Underwater Asphalt Volcanoes Discovered by UC Santa Barbara Scientists
SANTA BARBARA, Calif., Apr 26, 2010 (ASCRIBE NEWS via COMTEX) --
10 miles off the Santa Barbara coast, at the bottom of the
Santa Barbara Channel, a series of impressive landmarks rise
from the sea floor. They've been there for about 40,000
years, but they've remained hidden in the murky depths of
the Pacific Ocean - until now.
UC Santa Barbara scientists, working with colleagues from
Woods Hole Oceanographic Institution (WHOI), UC Davis,
University of Sydney, and University of Rhode Island, say
that they have identified a series of asphalt volcanoes on
the floor of the Santa Barbara Channel. The largest of these
undersea Ice Age domes is at a depth of 700 feet (220
meters) - much too deep for scuba diving - which explains
why the volcanoes have never been spotted by humans.
"It's larger than a football field long and as tall as a
six-story building," said David Valentine, professor of
earth science at UCSB and the lead author of a National
Science Foundation-funded study published online this week
in the journal Nature Geoscience. "It's a massive feature,
completely made out of asphalt."
Chris Reddy, director of the Coastal Ocean Institute at
WHOI and a co-author of the study, has studied oil spills
his whole career. "These volcanoes are an astonishing
display of nature," Reddy said. "And they underscore one
little-known fact: Half of the oil that enters the coastal
environment is from natural oil seeps like the ones off the
coast of California."
Valentine, Reddy, and their colleagues first viewed the
volcanoes during a 2007 dive on the research submarine
Alvin, though Valentine credits Ed Keller, professor of
earth science at UCSB, with guiding them to the site. "Ed
had looked at some bathymetry (sea floor topography) studies
conducted in the 1990's and noted some very unusual
features," Valentine said.
Based on Keller's research, Valentine and other
scientists took Alvin into the area in 2007 and located the
mystery features. Using the sub's robotic arm, the
researchers broke off samples and brought them to labs at
UCSB and WHOI for testing. In 2009, Valentine and colleagues
made two more dives to the area in Alvin and also did a
detailed survey of the area using an autonomous underwater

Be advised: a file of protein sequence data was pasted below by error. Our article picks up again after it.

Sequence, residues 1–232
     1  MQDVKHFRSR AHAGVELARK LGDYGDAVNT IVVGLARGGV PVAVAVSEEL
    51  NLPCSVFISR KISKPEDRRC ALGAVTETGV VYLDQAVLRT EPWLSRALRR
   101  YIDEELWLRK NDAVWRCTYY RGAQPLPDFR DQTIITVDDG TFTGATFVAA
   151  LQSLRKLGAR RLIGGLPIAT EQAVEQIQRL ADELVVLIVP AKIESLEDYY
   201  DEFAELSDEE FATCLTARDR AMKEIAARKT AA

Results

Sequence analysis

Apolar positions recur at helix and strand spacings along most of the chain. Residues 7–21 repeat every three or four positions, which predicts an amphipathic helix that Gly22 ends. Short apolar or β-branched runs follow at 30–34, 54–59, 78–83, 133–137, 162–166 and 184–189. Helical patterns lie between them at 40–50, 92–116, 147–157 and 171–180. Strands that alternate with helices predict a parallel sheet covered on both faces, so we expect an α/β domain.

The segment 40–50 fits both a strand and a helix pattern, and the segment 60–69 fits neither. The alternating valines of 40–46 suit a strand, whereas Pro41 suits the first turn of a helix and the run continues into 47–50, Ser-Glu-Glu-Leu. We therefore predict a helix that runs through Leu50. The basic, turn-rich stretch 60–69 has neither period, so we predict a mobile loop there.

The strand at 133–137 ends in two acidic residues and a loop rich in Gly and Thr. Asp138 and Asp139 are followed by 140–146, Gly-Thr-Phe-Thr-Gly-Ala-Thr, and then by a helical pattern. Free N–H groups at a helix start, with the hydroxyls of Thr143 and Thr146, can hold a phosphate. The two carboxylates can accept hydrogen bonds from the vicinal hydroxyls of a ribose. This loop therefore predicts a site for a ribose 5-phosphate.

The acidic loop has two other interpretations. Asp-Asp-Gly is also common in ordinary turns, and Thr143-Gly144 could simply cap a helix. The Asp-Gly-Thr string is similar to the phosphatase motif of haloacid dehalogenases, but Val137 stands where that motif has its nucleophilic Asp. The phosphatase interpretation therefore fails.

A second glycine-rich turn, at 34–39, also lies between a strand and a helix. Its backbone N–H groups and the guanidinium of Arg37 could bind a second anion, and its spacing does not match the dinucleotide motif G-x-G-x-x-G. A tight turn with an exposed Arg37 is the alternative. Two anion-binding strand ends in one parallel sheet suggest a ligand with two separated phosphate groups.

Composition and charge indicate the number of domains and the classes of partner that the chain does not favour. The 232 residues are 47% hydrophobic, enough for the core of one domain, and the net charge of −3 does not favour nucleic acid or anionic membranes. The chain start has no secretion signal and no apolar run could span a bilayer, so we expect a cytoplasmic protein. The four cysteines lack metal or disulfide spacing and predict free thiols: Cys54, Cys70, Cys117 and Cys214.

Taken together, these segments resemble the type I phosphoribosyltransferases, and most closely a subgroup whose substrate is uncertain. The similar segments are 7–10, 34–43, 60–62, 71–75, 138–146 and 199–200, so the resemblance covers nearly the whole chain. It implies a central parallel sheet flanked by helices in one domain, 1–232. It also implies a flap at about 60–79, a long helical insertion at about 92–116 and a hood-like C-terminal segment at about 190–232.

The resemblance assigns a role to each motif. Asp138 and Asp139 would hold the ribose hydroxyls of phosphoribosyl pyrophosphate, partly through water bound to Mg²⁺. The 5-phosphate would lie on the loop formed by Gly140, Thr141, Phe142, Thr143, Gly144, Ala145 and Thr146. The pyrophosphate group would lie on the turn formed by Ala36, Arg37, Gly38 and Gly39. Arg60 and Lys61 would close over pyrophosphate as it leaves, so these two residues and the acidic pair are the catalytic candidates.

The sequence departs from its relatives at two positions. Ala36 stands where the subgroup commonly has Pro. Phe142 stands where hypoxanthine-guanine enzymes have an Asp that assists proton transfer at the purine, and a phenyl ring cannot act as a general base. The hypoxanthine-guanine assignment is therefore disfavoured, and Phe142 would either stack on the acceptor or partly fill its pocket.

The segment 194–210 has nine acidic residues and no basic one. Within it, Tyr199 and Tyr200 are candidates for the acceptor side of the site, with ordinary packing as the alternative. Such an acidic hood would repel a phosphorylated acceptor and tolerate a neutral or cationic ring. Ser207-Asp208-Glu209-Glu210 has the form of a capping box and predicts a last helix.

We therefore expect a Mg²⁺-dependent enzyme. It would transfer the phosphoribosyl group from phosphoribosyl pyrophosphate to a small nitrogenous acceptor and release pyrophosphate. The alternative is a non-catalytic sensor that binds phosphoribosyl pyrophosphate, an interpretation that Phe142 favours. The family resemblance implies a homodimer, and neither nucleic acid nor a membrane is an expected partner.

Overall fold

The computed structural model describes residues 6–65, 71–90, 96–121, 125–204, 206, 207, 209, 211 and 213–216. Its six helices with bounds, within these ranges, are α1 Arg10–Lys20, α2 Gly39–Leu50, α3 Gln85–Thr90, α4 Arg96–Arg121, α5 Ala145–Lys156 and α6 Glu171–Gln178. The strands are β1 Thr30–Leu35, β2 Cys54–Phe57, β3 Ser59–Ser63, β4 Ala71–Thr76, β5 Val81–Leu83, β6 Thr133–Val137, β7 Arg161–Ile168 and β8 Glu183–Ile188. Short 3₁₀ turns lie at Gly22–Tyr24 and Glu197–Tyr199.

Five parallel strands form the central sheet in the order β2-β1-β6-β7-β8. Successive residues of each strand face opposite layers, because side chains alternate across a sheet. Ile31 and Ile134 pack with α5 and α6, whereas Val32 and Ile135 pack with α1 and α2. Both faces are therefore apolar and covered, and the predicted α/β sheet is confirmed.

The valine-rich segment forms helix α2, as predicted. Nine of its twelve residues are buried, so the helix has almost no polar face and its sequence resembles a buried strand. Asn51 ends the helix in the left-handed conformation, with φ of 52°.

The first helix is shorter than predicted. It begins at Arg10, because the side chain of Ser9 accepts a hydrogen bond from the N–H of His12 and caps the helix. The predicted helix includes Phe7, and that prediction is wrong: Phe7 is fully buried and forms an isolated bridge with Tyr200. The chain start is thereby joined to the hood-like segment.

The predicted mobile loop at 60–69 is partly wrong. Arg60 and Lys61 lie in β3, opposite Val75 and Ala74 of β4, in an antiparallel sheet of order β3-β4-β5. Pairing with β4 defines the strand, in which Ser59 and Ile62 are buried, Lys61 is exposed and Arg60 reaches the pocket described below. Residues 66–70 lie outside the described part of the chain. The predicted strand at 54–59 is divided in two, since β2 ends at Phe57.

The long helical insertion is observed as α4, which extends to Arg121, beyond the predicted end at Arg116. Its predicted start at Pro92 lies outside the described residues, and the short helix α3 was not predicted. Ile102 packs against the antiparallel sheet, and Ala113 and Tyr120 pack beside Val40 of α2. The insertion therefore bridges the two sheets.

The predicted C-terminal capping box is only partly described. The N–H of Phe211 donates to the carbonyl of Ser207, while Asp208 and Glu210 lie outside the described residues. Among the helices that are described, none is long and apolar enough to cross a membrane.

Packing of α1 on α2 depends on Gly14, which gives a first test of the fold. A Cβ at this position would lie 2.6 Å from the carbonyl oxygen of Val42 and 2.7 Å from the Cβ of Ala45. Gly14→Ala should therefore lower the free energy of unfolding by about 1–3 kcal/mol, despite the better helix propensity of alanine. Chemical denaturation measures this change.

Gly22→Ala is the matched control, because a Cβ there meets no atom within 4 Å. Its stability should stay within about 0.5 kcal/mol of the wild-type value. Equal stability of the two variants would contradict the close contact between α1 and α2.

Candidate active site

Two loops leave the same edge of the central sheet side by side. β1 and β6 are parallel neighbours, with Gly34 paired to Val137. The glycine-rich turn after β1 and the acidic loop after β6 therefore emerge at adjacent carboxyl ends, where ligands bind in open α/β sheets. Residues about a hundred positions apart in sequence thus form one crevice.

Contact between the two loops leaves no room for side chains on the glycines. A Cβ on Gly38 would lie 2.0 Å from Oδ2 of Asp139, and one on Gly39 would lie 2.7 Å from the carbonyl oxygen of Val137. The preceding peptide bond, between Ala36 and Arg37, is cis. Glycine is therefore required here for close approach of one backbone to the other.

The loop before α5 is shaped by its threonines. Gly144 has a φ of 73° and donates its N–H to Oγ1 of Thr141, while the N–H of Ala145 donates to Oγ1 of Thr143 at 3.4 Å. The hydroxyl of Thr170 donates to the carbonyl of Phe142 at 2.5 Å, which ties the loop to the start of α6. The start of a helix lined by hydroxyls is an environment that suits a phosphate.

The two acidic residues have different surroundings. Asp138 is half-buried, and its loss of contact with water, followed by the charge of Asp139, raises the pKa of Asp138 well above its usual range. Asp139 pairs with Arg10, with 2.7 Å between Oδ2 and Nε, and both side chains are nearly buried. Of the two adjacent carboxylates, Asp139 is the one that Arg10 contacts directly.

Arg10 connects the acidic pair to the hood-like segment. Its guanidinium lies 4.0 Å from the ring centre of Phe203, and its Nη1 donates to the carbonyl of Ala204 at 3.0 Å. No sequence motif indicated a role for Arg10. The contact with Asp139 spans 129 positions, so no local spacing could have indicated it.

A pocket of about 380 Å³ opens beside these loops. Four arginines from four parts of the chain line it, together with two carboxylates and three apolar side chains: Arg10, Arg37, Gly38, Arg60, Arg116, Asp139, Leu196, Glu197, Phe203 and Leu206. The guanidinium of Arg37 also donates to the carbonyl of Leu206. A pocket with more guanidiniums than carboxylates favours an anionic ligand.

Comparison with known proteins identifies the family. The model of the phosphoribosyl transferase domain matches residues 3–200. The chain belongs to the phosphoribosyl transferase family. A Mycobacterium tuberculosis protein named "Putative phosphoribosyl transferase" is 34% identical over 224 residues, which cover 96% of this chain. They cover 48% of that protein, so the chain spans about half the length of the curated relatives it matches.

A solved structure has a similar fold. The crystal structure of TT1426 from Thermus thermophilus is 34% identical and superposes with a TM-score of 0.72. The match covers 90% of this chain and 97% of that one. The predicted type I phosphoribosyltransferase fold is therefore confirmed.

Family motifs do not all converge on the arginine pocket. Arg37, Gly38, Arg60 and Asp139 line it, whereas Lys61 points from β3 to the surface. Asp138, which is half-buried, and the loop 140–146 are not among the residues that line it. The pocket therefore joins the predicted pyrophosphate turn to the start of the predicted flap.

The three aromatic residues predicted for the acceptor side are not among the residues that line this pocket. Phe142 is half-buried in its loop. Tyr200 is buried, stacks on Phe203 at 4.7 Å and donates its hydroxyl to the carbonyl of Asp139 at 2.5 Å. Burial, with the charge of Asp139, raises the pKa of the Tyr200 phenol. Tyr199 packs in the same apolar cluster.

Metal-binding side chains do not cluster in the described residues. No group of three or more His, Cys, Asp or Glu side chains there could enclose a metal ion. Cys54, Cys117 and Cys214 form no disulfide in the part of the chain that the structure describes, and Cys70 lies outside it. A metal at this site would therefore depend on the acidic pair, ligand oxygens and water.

vehicle, Sentry, which takes photos as it glides about nine
feet above the ocean floor.
"When you fly Sentry over the sea floor, you can see all
of the cracking of the asphalt and flow features," Valentine
said. "You can see all of the textures of a flowing liquid
that solidified in place. That's one of the reasons we're
calling them volcanoes, because they have so many features
that are indicative of a lava flow."
But tests showed that these aren't your typical lava
volcanoes found in Hawaii and elsewhere around the Pacific
Rim. Using a mass spectrometer, carbon dating, microscopic
fossils, and comprehensive, two-dimensional gas
chromatography, the scientists determined that these are
asphalt and were formed when petroleum was flowing from the
floor of the channel about 30,000-40,000 years ago.
The researchers also determined that the volcanoes were
at one time a prolific source of methane, a greenhouse
gas. The two largest volcanoes are about a kilometer apart
and have pits or depressions surrounding them. These pits,
according to Valentine, are signs of "methane gas bubbling
from the subsurface." That's not surprising, Valentine said,
considering how much petroleum was flowing. "They were
spewing out a lot of petroleum, but also lots of natural
gas," he said, "which you tend to get when you have
petroleum seepage in this area."
The discovery that vast amounts of methane once emanated
from the volcanoes caused the scientists to wonder if there
might have been an environmental impact on the area during
the Ice Age. Valentine found two high-profile studies, one
in the journal Science and the other in the Proceedings of
the National Academy of Sciences, which examined events from
that time, including a period in which water in the channel
became anoxic. "It became a dead zone," Valentine
said. "We're hypothesizing that these features may have been
a major contributor to those events."
While the volcanoes have been dormant for thousands of
years, the 2009 Alvin dive revealed a few spots where gas
was still bubbling. "We think it's residual gas," said
Valentine, who added that the amount of gas is so small that
it is harmless because it never reaches the surface.
Other co-authors of this study are Christopher Farwell,
Sarah C. Bagby, Brian A. Clark, and Morgan Soloway, all from
UCSB; Robert K. Nelson, Dana Yoerger, and Richard Camilli,
from WHOI; Tessa M. Hill, UC Davis; Oscar Pizarro,
University of Sydney; and Christopher N. Roman, University
of Rhode Island.
- - - -
CONTACTS: George Foulsham, UCSB Media Relations,
David Valentine, 805-893-2973, firstname.lastname@example.org
Chris Reddy, email@example.com
NOTE TO EDITORS: For downloadable photos, go to
http://www.ia.ucsb.edu/pa/display.aspx?pkey=2228 . For a
video, go to the UCSB News & Research Facebook page at:
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